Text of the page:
Waynes? Peters? WR? Blue Chip OL or DL? Edge Rusher?
      Hah! Draft speculations are like the preview time before an auction begins.

    5. Scooter:

      Nice work. I found the explosiveness score interesting so I looked at the poster’s work. He’s a guy with the handle “Waldo” over on FootballsFuture.com. He listed players from the 2004 through 2011 draft. Some players including Aldon Smith were not included but that’s probably because Smith was considered to be a DE coming out of college instead of a 3-4 OLB. I calculated the score for Aldon and got a value of 0.95, which is the same value that Quinn received. Von Miller got a score of 0.97. So the formula is only an extra piece of information.

      However, as you mention if a prospect scores above 1.05, then the player becomes a “low risk” selection; i.e. a very high likelihood that the player will become a pro bowler. So while using the score alone may result in missing prospects such as Quinn, Miller and A. Smith, a score above 1.05 seems to indicate a can’t miss, safe prospect (barring injuries). Although the article says above 1.05, it is interesting to note that Justin Houston scored 1.05. The poster’s data only goes through 2011 which is why Houston was not listed as Pro Bowl player. His ascension to NFL stardom has occurred only over the last few years.

      1. I remember reading Waldo’s post in 2011 and, being something of a stats guy myself, being very impressed. Prior to that I already was a believer in looking at the explosiveness score (vert and broad) for edge players, but putting it in terms of a unified explosiveness measure and running the analysis like Waldo did, very impressive.

        The “low risk” idea he came up with is a great way of looking at it. Its not “no risk”, but it gives you a lot more confidence in the player. Especially if they have college production to back it up.

    6. Great job Scooter. You’ve been singing this kids praises much like you did OBJ’s last year, and like last year I think you are all over it.

      The only thing lacking from his game that I can see is consistency with his positioning in the run game and some rawness in his pass rush technique, but that is easily improved with Coaching. He has the physical skills and motor already. He’d be a great pick imo.

      1. Definitely shorter than ideal for an edge player. He makes up for it in other ways though.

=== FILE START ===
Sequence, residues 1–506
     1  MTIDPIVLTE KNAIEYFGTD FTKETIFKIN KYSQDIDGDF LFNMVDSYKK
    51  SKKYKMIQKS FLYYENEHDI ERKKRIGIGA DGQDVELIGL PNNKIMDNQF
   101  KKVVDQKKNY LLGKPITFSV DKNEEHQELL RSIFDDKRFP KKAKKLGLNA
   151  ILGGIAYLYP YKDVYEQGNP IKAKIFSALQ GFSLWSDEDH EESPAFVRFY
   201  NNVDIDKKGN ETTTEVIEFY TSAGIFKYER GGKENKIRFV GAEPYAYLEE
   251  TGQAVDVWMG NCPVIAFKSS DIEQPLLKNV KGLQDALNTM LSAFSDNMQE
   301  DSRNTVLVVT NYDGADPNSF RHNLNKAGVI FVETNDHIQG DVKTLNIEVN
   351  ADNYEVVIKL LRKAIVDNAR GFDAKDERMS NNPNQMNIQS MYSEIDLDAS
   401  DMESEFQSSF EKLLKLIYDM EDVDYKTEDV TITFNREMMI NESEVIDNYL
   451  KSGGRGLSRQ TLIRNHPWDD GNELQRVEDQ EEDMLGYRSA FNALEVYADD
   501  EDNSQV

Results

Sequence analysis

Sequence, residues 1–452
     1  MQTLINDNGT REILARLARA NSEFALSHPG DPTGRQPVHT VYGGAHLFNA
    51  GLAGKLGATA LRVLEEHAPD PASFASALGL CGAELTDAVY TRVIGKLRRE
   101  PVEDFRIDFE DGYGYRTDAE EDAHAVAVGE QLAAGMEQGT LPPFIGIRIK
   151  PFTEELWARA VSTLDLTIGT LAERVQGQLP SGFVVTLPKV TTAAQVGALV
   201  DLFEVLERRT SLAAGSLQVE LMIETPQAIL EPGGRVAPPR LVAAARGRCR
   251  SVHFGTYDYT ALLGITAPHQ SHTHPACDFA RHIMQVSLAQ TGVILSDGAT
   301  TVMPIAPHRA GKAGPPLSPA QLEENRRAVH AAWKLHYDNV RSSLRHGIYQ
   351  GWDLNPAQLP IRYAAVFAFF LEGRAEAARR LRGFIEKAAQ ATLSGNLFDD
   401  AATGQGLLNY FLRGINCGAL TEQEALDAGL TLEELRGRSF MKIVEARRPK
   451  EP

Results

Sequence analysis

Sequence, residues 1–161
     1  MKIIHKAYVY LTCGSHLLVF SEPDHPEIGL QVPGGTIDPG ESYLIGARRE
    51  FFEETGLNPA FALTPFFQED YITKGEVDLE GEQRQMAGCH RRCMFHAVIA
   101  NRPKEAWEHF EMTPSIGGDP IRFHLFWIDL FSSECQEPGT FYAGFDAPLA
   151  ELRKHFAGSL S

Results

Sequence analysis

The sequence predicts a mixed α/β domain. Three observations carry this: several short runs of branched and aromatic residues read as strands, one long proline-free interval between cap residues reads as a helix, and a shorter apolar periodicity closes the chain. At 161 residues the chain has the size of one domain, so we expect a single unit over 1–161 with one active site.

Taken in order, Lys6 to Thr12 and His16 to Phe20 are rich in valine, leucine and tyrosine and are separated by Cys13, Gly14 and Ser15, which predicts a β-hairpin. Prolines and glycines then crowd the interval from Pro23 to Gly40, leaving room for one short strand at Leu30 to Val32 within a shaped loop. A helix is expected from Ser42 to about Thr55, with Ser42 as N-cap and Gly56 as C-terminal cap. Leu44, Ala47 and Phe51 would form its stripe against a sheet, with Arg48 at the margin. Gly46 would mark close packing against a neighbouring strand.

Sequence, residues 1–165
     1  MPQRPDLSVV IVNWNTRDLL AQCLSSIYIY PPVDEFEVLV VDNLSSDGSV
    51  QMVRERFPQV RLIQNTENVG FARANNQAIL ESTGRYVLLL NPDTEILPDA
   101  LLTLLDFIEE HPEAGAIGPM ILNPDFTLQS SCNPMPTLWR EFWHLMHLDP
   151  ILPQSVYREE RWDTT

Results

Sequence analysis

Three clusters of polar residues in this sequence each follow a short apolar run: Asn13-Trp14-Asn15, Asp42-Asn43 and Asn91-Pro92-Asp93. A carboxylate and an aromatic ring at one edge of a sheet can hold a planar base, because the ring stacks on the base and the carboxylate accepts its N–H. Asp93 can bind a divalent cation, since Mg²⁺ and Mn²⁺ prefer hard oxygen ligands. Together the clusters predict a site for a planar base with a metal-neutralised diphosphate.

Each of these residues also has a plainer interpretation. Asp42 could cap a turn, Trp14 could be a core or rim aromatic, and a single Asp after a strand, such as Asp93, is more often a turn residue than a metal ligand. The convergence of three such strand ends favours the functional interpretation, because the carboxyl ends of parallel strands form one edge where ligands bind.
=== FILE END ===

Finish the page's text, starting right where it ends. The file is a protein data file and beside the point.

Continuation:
I should clarify that I don’t see Dupree is an elite pass rusher that will consistently put up double digit sack seasons. I think he could be a 7-10 sack a season guy. I think he’s more of an all round strong side OLB prospect, that can excel against the run (both setting the edge and chasing in pursuit), drop back and defend the pass, while also being a good pass rush threat. The team’s premier pass rusher would operate from the weak side (Aldon or Lynch).

          1. Yes, sometimes. At other times he does a fantastic job shedding a blocker, playing with great upper and lower body power. His technique needs work in order to be consistently effective, and that is one of the areas it needs work.

    1. Good stuff Grant. I think your statement that the niners failed their mission to eliminate their needs in free agency is a bit overstated. Yes they still have those needs, but I don’t think the point was to eliminate the need, but rather to suppress them in order to mask the priority or importance of those needs. The niners could take anyone of those position at any time without really having to reach, I believe that was the point.

      Anyways good write-up. I just recently read a mock draft on yahoo sports, which mocked Perryman to the niners in the 1st, you wanna talk about reaching…

          1. Wow, Shaun King wrote that.

            Kendricks is a solid 3-down LB, but he didn’t make many tackles for losses in the college.

            1. Yea I’ve read that also about Kendricks. But they say he’s a lot more instinctual for the position than Anthony, who seems to be guessing a lot. Not many are high on Anthony.